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agency concerned in this stupendous event, and that agency was God's. The apostle Peter ascribes it to the agency of the Omnipotent : "Whom God hath raised up, having loosed the pains of death." The fact that the resurrection of Christ is sometimes ascribed to the power of God the Father, and sometimes to himself, shows that there is such unity between the Father and the Son, that the power of the one is identical with the power of the other.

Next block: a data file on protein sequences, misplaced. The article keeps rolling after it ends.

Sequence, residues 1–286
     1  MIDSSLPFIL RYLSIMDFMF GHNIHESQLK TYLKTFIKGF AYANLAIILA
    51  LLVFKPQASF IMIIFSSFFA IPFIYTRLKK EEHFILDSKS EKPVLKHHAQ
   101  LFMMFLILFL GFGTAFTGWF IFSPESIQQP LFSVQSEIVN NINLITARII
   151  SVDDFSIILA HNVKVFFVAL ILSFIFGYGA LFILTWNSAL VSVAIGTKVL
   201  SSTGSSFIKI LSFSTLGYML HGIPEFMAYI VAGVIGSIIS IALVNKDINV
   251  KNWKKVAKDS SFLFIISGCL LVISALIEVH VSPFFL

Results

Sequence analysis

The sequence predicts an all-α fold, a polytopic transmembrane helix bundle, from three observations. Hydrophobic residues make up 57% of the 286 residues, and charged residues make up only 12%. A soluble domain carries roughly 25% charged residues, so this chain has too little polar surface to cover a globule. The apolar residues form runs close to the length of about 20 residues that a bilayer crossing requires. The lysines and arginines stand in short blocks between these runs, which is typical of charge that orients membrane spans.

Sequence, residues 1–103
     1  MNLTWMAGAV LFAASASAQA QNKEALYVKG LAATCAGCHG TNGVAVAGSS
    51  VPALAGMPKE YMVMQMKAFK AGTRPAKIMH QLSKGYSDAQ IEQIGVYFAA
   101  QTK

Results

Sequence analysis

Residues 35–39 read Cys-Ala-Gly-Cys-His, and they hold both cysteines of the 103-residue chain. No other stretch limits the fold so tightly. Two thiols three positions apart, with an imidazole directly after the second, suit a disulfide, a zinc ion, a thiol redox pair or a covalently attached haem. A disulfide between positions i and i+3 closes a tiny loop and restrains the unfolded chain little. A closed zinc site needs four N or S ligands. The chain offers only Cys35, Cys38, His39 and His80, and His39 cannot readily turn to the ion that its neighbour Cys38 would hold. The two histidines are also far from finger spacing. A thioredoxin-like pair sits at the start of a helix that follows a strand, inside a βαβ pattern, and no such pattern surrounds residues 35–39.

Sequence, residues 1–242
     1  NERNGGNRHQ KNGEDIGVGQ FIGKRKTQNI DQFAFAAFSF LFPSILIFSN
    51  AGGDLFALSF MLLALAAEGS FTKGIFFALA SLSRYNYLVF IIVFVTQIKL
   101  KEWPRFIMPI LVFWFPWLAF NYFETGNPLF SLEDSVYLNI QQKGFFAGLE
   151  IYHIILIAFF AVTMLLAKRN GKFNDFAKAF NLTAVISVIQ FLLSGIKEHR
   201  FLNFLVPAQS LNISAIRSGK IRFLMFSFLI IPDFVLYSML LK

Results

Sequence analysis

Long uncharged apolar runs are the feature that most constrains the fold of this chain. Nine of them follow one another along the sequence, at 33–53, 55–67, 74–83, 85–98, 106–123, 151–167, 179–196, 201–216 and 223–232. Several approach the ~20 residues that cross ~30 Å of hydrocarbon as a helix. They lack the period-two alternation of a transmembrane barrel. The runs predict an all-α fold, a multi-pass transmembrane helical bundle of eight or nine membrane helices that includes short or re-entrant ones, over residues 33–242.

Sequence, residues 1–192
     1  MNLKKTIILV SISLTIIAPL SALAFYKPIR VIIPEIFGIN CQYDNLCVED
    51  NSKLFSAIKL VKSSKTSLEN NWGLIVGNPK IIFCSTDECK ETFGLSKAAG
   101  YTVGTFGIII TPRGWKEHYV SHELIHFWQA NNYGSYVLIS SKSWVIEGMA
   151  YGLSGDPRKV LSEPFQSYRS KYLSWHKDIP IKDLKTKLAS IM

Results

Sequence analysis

The spiritual resurrection of the believer is an effect for which we must seek an adequate and appropriate cause. There is an efficient agency, and an appropriate instrumentality. The nature of the effect produced and the manner in which it is described by the sacred writers, clearly indicate a superhuman agency. No one rises from the death of sin to the life of religion by any efforts of his own, except as such efforts are made effectual by the co-operating agency of the Holy Spirit. Reference to one or two passages will be sufficient to determine the nature of the agency concerned in the spiritual resurrection of the believer. Addressing Christians of Ephesus, Paul says, "You hath he quickened who were dead in trespasses and sins." The agent here spoken of is expressly mentioned in the following passage :-" God who is rich in mercy, for his great love wherewith he loved us, even when we were dead in sins, hath quickened us together with Christ." The fact is here noticed, that it is the agency of God which is exerted as the efficient cause of the new life imparted to the believer. He hath quickened us together with Christ. The resurrection of Christ is treated by the apostle as having an intimate relation to the restoration of spiritual life to the believer-the latter event being dependent. on, or connected with, the former. "As Christ was dead," says a popular commentator, "but was made alive by God's power, and awakened and set on God's throne, so has God with Christ made alive, awakened and transferred to the heavenly state, those who were dead through their sins." "He hath raised us up together, and made us sit together in heavenly places in Christ Jesus." The apostle in another place refers to "the exceeding greatness of God's power to us-ward who believe, according to the working of his mighty power, which he wrought in Christ, when he raised him from the dead." The main thing which Paul illustrates in the first and second chapters of his epistle to the Ephesians, is the power which God has manifested in renewing and saving his people. The leading idea is, that the same power is evinced in the work, which was required to raise up the Lord Jesus from the dead.